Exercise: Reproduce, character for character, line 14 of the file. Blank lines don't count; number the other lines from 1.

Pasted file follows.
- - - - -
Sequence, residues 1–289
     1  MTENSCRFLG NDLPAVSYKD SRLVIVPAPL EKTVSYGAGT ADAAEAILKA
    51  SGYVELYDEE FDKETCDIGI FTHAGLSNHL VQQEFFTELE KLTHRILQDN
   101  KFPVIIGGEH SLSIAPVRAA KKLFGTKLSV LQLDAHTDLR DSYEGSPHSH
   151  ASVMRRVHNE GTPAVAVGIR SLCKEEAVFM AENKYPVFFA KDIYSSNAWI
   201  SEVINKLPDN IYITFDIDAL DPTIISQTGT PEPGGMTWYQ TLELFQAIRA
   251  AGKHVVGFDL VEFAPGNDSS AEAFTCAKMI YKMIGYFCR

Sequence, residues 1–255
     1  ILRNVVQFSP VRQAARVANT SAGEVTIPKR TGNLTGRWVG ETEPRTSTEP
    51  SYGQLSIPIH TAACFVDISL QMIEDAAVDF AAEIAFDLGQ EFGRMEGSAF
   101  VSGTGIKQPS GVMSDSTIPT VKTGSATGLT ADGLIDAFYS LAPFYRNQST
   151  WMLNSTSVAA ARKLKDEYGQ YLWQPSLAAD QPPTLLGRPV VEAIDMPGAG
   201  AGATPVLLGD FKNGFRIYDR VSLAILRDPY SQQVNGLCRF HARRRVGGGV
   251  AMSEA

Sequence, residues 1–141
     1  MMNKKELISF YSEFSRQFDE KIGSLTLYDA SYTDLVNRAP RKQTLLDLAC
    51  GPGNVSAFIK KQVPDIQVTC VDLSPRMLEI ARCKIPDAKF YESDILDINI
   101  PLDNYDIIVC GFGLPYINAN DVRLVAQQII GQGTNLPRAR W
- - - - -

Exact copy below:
   251  AMSEA